As such it is very important as a “layman” investor in the CSC hypothesis that Novogen is flogging, to understand that effective delivery of a drug into tumour is an insanely difficult thing to accomplish. A tumour is not a uniform bundle of cancer cells and blood vessels, where a therapeutic molecule can just sort of whiz around and zap everything nasty. Tumour microenvironments actually evolve almost as small “organs” that are the result of an amazing evolutionary biology process, and are intrinsically structured to make it hard for antigens, antibodies and immune cells to permeate them and “defend”. Therefore even if the CSC hypthothesis is valid, creating a drug that actually works consistently across different cancer types is still non-trivial. Also part of the nefarious subterfuge of those nasty little CSCs, is the fact that they may look “normal” stem-like to the immune system relative to surrounding tissues. Or, put differently, a CSC near tumour vasculature will look very different that a CSC next to some stromal (“matrix”) tissue. Also a drug that kills CSCs may also kill normal stem cells as well, and this has the potential to actually make a cancer more – and not less – aggressive.
The problem as always, is that Novogen hasn’t done their homework. In fact, as far as I can tell, it hasn’t done ANY work. The in vitro stuff is basically irrelevant. Lab-based cancer stem cell models outside of the complexity of the real-world tumour microenvironment are pretty much known to not be predictive of drug performance whatsoever. Moreover, plenty of drugs have looked good in models but when applied to patients, failed to tackle the diversity of gene expression that results when a tumour-progenitor cell (which may or may not be a CSC) starts talking to all the other cells around it, like a little champagne-charged social butterfly flitting around a cocktail reception. Not only that, but there are serious doubts as to whether we really even understand what cancer biomarkers are going to enable us to identify and determine whether CSCs are responding to a drug or not! These are comparatively rare cells, have very diverse expression patterns and are difficult to detect and monitor in experimental systems.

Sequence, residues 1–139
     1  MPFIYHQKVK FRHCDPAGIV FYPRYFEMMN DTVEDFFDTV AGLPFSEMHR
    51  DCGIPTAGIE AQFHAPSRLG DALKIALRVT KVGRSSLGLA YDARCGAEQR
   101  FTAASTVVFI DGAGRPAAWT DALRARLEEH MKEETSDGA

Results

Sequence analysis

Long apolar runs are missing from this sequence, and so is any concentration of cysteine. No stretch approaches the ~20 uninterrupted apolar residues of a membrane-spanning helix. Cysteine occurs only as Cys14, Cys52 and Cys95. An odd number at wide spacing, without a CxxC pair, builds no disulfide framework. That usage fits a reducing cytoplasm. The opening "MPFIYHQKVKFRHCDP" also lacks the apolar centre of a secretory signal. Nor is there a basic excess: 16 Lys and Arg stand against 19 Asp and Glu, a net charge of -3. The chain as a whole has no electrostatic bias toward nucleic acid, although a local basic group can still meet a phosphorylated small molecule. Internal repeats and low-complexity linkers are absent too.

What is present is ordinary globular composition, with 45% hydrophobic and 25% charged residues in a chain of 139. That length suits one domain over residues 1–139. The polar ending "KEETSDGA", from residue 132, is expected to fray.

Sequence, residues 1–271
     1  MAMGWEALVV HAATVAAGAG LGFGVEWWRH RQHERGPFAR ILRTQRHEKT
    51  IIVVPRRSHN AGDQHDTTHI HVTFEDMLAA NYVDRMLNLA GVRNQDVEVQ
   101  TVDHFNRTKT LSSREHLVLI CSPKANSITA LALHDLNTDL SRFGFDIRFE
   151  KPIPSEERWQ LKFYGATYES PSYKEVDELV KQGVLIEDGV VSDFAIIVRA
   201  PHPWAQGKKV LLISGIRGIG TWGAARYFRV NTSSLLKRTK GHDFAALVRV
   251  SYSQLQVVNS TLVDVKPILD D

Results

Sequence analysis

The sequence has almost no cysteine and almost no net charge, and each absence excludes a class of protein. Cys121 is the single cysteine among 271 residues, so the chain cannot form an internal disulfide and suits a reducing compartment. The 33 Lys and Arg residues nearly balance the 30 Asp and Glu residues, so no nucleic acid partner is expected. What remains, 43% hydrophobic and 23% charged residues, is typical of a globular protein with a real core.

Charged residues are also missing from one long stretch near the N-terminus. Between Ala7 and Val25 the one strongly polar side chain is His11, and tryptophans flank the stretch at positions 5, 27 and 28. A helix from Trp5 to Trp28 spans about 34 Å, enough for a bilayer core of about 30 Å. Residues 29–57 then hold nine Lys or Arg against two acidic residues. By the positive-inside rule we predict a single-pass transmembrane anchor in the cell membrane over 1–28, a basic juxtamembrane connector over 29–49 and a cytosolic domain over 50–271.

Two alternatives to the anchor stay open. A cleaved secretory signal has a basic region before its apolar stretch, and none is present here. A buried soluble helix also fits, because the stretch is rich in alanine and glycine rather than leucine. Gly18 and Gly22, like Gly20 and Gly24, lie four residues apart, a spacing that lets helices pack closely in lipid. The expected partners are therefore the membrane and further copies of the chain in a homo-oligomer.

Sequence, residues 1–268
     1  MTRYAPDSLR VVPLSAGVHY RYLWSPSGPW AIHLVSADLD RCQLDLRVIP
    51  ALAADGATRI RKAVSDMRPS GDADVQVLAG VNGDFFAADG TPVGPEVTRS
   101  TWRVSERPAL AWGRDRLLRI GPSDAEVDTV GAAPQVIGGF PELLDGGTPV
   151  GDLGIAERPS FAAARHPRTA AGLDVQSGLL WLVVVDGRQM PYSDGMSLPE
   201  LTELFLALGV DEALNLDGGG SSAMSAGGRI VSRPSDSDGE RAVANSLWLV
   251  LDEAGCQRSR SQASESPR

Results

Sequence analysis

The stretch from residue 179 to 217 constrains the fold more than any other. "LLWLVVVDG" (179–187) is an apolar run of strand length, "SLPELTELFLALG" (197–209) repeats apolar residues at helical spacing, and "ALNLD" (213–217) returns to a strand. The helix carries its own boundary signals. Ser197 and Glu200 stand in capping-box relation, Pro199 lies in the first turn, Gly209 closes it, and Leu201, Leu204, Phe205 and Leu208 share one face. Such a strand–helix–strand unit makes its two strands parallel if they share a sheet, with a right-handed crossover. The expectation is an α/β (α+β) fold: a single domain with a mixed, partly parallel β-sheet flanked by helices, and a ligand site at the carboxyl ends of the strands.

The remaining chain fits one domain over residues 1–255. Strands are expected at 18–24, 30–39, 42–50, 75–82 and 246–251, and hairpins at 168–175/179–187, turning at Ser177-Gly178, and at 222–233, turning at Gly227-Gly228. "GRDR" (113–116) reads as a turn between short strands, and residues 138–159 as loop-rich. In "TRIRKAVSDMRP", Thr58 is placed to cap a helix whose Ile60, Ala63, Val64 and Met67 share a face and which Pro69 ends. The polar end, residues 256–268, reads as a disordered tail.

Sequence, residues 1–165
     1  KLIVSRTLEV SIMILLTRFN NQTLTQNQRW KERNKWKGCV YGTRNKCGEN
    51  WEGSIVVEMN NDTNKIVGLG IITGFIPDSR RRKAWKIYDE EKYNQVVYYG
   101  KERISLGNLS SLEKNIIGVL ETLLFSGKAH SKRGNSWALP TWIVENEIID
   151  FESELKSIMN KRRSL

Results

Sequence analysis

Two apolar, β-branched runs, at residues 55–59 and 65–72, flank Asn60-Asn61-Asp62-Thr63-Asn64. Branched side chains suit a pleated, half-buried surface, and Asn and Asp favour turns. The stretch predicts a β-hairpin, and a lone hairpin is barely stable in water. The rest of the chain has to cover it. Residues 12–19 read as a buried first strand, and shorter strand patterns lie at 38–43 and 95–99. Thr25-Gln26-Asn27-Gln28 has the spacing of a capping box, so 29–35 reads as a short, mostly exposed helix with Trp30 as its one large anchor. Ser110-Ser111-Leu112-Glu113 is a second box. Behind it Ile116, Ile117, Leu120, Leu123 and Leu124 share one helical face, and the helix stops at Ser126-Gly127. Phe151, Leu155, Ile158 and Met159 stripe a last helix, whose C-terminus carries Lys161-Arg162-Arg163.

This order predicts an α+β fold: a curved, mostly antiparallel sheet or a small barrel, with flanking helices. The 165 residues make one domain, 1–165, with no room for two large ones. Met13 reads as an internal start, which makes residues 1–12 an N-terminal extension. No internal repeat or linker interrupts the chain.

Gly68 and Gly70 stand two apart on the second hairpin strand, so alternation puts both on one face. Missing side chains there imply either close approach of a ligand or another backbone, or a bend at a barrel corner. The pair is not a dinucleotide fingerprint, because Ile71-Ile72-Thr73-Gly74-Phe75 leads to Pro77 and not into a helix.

I mean, it’s not like they pick up the phone and go “Graham, we don’t know what that shit was that you injected into Shirley this morning, but it is making us feel crappy.”
… Or do they…?
In short, when Novogen claims that they have measured an effect of their drug on CSCs, they probably don’t actually have the tools or the data to substantiate that assertion. So when you read the HC Wainwright report, or listen to Graham Kelly wax lyrical about the relevance of the CSC hypothesis to Novogen’s drugs, just remember that 1) Graham actually has no really robust scientific evidence for all his yarns, and certainly none that I am aware of that have been published in a peer-reviewed fashion (investor presentations with Yale logos plastered all over them don’t count) and 2) the various models of CSC and tumour proliferation are not yet actually sufficiently understood, even by good drug companies.
This is fundamentally why the HC Wainwright report, as pretty as it is, should also be taken with an extremely large grain of salt. Or, if I have not managed to convince you otherwise, an extremely small pinch of Anisina.
Awesome Photo Credit: Ryan McGuire. http://www.gratisography.com/